The gallery will present the first one-person exhibition of Anne Arnold’s sculpture in twenty-four years. Surveying work from the 1950s through the 1980s, Anne Arnold: Sculpture from Four Decades will include 29 classic examples of her animals in wood, ceramic, metal and painted or resin-coated canvas stretched over wooden armatures. These works range from a roughly carved creosote coated pine sphinx-like cat to the front end of a life-sized horse in an unbalanced moment of rising up on its legs.
In a period when Abstract Expressionism, Minimalism, Pop Art and many other movements came and went, Arnold persisted down her own path, eventually defining a singular position in American sculpture. While Arnold’s own early role in the development and wide acceptance of Pop is made clear, it can also be argued that Arnold understood better than her peers the traditions of the first “popular” American art forms found in vernacular, vintage folk objects such as weathervanes, decoys and hand-painted country advertising.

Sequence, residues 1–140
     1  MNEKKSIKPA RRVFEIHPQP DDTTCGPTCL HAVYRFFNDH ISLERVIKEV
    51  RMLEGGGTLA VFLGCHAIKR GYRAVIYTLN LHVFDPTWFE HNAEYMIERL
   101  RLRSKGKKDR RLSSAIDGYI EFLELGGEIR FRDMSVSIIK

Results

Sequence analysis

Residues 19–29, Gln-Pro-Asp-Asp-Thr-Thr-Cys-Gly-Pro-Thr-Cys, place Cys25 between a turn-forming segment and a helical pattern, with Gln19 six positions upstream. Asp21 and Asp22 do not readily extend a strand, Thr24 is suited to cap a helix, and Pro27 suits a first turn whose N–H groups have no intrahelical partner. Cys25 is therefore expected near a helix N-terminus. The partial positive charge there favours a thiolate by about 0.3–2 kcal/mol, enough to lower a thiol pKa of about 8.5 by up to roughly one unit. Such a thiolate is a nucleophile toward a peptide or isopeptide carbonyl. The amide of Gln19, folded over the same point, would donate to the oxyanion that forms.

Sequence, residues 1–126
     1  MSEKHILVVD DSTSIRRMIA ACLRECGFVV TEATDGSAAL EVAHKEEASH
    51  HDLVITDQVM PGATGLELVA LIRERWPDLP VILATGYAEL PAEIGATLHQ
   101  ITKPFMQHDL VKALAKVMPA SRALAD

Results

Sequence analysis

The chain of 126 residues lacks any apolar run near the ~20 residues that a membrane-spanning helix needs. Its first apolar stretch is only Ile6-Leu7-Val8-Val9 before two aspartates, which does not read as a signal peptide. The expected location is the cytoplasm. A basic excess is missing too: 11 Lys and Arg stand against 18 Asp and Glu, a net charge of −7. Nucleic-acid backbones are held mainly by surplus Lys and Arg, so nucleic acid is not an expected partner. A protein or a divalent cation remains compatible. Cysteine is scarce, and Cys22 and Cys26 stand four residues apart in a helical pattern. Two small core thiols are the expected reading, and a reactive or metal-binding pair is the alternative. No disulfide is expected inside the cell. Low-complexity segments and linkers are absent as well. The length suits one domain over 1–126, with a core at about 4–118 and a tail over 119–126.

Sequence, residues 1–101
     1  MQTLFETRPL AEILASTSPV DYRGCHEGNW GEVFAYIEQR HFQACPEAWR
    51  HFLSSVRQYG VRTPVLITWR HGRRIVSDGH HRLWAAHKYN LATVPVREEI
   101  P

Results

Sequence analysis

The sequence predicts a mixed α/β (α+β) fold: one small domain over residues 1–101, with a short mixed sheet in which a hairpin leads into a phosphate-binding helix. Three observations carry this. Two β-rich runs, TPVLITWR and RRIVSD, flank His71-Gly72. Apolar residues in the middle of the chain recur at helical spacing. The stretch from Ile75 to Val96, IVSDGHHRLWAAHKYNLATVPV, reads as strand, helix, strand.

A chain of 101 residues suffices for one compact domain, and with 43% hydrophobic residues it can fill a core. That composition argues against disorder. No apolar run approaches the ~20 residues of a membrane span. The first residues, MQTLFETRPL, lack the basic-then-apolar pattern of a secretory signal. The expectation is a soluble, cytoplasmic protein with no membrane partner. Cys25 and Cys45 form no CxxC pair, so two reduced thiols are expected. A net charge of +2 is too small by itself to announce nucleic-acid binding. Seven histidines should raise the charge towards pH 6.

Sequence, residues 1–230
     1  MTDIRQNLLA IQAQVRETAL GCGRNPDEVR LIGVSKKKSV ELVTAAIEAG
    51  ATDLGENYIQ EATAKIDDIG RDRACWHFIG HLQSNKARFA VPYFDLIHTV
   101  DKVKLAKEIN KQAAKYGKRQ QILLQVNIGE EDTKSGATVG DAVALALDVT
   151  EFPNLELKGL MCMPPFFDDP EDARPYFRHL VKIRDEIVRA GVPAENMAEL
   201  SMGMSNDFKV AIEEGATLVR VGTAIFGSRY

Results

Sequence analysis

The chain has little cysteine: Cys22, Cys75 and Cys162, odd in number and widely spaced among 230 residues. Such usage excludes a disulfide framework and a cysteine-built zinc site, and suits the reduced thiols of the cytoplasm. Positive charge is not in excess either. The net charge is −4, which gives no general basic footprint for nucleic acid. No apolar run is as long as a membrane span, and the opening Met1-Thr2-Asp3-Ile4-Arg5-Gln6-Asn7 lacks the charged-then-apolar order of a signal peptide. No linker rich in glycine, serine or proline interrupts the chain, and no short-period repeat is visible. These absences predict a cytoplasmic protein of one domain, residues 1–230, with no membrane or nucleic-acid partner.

Arnold’s work is quirky and personal, and humor is often a characteristic. Her animals’ body language is spot-on, whether it be the stretching lean of a cat, the raked ears of a crouching rabbit, or the unexpected lightness and grace of a large farm animal. We know an animal differently after seeing one of Arnold’s sculptures and, perhaps, care about them more for their individual traits evoked so precisely as essential form, gesture and presence.
This exhibition will be accompanied by a fully illustrated catalogue with texts by Chris Crosman and John Yau. The artist will be present for a reception on Saturday, April 28th, from 1 to 4 pm. The gallery is located on the 13th floor of the Fuller Building at 41 East 57th Street.